Tomorrow at 10.00 UK Time, the European statistics office Eurostat will release the final estimate of real 1Q GDP. Christophe Barraud, recognized as one of the “Top Forecaster” by Bloomberg, suggests it could surprise downward, contracting for a second straight quarter. It implies that Eurozone would have experienced a technical recession.
The consensus is already expecting a downward revision to 0.0% as Germany, Europe’s leading economy, saw a large downward adjustment and previous Eurozone estimate was only +0.07% (unrounded).
Germany experienced its initial recession since the beginning of the pandemic, dashing hopes of evading such an outcome after the conflict in Ukraine led to a surge in energy prices. According to the German statistics office‘s announcement, the country’s first-quarter output contracted by 0.3% compared to the previous three months, following a 0.5% decline between October and December. The office had initially estimated stagnation in its previous report.
More recently, the Irish economy experienced a 4.6% decline in its 1Q GDP. This decrease is 1.9% higher than the previous estimate provided by the Central Statistics Office (CSO) earlier this year.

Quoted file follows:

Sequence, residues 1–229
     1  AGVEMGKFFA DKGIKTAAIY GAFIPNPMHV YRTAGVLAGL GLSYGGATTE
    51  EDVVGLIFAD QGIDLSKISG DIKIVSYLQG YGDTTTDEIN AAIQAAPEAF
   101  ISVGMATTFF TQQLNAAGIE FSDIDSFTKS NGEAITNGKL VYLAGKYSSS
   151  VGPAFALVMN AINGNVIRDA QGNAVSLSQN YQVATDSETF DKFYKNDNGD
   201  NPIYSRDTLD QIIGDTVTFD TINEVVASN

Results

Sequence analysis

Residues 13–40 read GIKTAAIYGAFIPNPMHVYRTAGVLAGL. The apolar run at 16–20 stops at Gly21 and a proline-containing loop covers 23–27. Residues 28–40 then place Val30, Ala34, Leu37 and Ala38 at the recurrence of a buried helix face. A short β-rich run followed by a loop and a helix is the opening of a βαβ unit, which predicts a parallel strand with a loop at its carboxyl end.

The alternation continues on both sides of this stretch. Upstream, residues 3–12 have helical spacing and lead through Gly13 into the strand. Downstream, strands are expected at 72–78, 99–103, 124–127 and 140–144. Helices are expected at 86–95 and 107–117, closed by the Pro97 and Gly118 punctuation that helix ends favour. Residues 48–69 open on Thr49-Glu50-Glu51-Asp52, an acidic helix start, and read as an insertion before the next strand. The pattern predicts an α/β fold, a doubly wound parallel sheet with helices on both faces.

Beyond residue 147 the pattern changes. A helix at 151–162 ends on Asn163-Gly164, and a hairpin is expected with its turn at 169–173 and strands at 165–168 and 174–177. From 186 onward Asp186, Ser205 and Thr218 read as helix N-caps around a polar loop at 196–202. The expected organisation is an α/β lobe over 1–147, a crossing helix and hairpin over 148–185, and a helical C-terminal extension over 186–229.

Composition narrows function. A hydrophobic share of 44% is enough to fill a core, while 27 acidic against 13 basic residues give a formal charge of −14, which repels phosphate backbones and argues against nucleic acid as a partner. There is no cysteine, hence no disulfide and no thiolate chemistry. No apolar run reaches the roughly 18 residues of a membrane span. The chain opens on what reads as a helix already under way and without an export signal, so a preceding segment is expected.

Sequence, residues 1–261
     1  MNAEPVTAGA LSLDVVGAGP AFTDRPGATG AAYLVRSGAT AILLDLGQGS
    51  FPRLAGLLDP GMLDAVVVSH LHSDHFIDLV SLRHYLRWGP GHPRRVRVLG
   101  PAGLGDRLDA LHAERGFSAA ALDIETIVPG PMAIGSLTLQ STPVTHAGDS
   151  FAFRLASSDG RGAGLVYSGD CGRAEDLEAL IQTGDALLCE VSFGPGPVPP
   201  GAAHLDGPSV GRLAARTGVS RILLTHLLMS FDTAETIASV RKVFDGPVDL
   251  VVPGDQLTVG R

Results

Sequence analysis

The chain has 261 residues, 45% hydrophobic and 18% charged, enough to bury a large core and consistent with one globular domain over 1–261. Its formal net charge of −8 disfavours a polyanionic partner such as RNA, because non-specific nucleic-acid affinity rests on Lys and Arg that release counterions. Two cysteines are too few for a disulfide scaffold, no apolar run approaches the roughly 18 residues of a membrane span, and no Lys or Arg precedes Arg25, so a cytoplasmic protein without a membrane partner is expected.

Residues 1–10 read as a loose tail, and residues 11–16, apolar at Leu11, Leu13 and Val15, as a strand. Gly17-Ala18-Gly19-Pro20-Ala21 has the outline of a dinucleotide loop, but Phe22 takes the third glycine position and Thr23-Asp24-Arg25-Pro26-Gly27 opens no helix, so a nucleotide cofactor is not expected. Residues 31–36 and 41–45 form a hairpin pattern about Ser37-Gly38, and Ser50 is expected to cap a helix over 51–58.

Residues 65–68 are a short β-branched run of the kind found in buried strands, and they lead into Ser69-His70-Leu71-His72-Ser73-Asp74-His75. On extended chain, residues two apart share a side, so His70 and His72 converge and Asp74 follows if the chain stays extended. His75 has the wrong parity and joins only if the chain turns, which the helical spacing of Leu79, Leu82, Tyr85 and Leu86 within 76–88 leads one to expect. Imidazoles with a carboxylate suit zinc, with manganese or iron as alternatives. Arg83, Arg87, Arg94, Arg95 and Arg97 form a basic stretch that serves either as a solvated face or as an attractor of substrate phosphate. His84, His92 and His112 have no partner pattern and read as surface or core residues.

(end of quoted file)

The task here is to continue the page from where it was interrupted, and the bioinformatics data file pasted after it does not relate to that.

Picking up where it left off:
Lastly, Greece experienced an economic decline in the beginning of the year. According to the Hellenic Statistical Authority‘s report on Wednesday, the country’s GDP decreased by 0.1% in the first quarter of the year compared to the previous three months. This decline follows a 1.1% expansion in the fourth quarter of 2022.
Bottom line: Even though several countries saw a positive revision (such as Italy), it seems that downward revision in Germany and latest estimates from Ireland and Greece increased the risk of a negative print tomorrow, which would be synonym of a technical recession in Eurozone (if 4Q GDP remains unchanged at -0.1%).